Gfycat, which was one of the earliest sites to allow for gif creation with video encoding, is stopping operation after September 1.
The Gyfcat site has a notice that reads, “The Gfycat service is being discontinued. Please save or delete your Gfycat content by visiting https://www.gfycat.com and logging in to your account. After September 1, 2023, all Gfycat content and data will be deleted from gfycat.com.”
A spokesperson for its parent company, Snap, confirmed to Mashable that Gyfcat would soon be no more. “Snap is winding down support of Gfycat through gfycat.com. Anyone is able to save their content and content from the community for the next 60 days. Snapchatters are still able to search for and use GIFs in their conversations with friends.”
The site’s security certificate expired in May. According to VICE, the certificate helps establish an encrypted connection between websites and browsers or servers.
The platform was once one of the most popular in the U.S. and raised $10 million in funding in 2015—the year that it was founded—and was incorporated with popular platforms including Reddit and WordPress. Its popularity was partly due to the fact that HD clips used to make the animated images wouldn’t degrade in quality after compression.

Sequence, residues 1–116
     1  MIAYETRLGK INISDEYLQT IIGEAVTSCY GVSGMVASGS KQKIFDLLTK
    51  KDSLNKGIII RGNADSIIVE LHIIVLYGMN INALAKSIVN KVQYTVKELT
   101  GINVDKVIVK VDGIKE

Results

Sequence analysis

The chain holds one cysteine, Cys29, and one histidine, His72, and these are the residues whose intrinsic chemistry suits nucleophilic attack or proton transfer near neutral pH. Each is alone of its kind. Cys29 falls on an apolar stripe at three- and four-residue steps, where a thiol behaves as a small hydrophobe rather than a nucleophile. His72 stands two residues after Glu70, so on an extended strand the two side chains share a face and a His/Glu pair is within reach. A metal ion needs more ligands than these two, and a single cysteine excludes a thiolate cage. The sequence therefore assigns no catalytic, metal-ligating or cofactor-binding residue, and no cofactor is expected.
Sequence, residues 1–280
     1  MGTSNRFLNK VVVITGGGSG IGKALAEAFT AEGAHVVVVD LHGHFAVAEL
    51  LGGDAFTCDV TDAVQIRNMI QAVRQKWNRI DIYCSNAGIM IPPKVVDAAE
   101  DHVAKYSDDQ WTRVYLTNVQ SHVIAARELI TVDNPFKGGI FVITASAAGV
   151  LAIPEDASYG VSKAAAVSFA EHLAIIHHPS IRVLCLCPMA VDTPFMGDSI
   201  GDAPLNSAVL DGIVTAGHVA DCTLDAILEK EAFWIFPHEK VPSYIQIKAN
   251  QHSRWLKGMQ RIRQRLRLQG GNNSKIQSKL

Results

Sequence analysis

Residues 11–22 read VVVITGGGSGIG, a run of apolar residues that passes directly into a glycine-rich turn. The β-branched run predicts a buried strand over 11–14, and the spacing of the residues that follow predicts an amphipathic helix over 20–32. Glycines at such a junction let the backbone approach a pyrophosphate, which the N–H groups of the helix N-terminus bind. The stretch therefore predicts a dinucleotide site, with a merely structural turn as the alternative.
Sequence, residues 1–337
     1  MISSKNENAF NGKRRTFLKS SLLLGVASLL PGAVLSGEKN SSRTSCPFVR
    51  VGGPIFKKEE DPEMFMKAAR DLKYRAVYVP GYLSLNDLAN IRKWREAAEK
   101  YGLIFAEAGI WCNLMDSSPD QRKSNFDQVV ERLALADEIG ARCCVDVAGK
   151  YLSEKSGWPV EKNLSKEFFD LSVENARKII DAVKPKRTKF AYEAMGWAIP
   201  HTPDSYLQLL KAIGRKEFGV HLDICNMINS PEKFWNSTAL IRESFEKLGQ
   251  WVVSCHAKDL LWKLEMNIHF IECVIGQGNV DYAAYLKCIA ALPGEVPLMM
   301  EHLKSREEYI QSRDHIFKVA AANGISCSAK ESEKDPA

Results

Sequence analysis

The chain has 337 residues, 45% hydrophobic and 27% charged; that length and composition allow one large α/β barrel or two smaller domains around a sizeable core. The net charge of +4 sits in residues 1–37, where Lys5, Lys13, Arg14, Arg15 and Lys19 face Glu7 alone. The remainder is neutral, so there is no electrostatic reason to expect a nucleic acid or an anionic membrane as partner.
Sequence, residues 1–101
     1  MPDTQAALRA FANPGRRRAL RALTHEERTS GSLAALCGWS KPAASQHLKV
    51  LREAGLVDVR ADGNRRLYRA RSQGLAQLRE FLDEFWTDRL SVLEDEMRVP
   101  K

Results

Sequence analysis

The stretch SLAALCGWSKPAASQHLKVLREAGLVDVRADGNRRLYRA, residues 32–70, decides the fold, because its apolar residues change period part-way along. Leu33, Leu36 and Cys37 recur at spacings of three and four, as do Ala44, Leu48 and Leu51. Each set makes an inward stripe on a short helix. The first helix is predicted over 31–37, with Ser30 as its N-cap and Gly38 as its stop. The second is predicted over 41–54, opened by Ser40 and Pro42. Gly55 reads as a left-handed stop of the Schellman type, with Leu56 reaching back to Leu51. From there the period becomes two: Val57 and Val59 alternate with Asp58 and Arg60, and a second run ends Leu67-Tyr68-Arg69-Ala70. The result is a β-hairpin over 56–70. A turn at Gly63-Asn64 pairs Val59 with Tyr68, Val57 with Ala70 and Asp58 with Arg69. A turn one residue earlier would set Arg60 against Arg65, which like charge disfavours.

As with other apps like Twitter and Google, which are set to remove old or inactive users and content, Gfycat announced in 2019 that it would start removing a large number of content that included content that was older than a year or created without an account. Redditors dedicated to the site managed to save over 19 million clips from being lost. The same year, they also announced a separate platform, Redgifs, that would allow for adult content.
After the server went down in May, people in a subreddit dedicated to the site decided to again save as much content as they could by saving pages to the Internet Archive. At the present moment, their TLS certificate has been renewed after it had been expired for nearly a week. A spokesperson told VICE it had been a “temporary error.”
In 2016, TechCrunch reported that Gyfcat had over 25 million gifts on its platform and 75 million monthly users at the time. There are still multiple gif resources like Giphy and Tenor, but it’s sad to see one of the original and biggest cease operation.
(featured image: BBC)
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